This report, titled: “The Future of E-ducation: The Impact of Technology and Analytics on the Education Industry” examines the nature of the technological revolution which has influenced education by bringing innovation into a previously stagnant field, as well as studying the associated complexities and issues with this shift. This report ultimately expresses how these changes will be pivotal for achieving the United Nations’ goal of universal education by 2015, in addition to allowing the quality of education to be globally innovative, engaging, customisable and accessible.
The study examines the impact of three different broad categories of technology in modern society which influence the shape of education: Open Sources and the Internet, mobile and “multi-faceted technology,” and virtual learning environments/learning analytics.
“This report shows that technology will disrupt education in a way never seen before in other industries. The tech tsunami is coming towards the shores of education and it will disrupt all education business models and the meaning and purpose of education, from curriculums to certification, to how and why people are hired in the future,”
said Nicolas De Santis, President of Gold Mercury International.
Open Sources and the Internet
Two technological areas of particular importance to education, which the report examines in detail, are that of Massive Open Online Courses (MOOCs) and the Web 2.0 Platform. MOOCs and Web 2.0 are Open Source technologies which have been born from the Internet, and the drastic changes the Internet has brought about in how people communicate and process information. These two technologies defy the traditional barriers of education, and allow the overall structure of education to decentralise and universalise.
The report highlights that the previously rigid, top-down structure of education is now giving way to a more adaptable, fully customisable, individualised system; primarily due to the ubiquity of modern technological devices. The standardisation of the Internet, Web 2.0, mobile devices, computers and virtual realities, as part of our everyday lives, will help to facilitate and reinforce this fundamental shift by means of normalisation; utilising the fact that modern students are already “digital natives”.
Mobile and Multi-Faceted Technology
While Open Sources and the Internet revolutionise the structure of education itself, mobile and multi-faceted technology revolutionises the way society can provide education to students. A prime example of this which the report provides, is that of cloud computing, which changes how institutions store information, with cloud computing ultimately being a more reliable and simple technology; without the need for constant investment and maintenance. Conversely, mobile devices provide more accessible, individualised portals through which said information is accessed, shattering the rigidity of traditional education.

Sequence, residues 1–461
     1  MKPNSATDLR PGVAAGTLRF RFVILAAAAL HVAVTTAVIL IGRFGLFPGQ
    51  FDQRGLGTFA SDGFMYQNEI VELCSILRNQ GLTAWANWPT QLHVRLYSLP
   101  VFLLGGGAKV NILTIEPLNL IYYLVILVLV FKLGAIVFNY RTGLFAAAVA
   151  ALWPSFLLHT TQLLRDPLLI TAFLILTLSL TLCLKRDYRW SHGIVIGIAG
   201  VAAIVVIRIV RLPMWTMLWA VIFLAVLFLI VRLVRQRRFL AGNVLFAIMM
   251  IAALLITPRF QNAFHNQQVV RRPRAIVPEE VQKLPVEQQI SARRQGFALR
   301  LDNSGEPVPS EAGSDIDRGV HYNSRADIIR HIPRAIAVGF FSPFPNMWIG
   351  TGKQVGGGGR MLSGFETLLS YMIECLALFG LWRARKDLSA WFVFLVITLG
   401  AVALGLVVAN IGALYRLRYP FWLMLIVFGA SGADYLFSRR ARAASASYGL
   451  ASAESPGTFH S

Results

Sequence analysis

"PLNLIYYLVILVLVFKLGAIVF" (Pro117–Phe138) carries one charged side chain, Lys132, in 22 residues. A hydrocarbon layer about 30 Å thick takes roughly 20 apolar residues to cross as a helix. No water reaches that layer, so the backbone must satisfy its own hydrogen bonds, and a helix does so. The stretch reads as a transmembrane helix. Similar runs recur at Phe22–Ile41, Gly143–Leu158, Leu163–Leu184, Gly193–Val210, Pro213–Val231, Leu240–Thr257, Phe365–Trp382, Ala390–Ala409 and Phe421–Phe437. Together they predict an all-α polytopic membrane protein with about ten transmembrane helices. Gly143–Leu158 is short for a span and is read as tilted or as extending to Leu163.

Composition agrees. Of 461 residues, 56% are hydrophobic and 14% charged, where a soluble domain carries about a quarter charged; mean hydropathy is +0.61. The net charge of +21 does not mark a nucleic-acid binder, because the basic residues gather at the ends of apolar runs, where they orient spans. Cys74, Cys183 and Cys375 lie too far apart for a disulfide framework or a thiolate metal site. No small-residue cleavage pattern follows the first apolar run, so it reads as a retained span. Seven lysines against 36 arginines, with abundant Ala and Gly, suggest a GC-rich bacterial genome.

Virtual Learning Environments and Learning Analytics
With this mobile technology and its increasing prevalence around the globe, students can then use this technology to merge their virtual lives with their physical ones, by completing assignments and educational games online, or by receiving feedback online through virtual learning environments. Learning and teaching can now both occur in these online environments, due to the presence of analytics.
The New Educational Paradigm
When these three broad categories of technology are taken together, the report shows that they serve to reinforce and strengthen one another, and together they solidify the progression of education towards a new paradigm. Though it may seem overwhelmingly positive, the report is also careful to explain the many complexities and issues surrounding the individualised, adaptive future of education. Regardless of the outcome, the report shows that technology is certainly having a profound impact on the future of the educational sector, for teacher and pupil alike.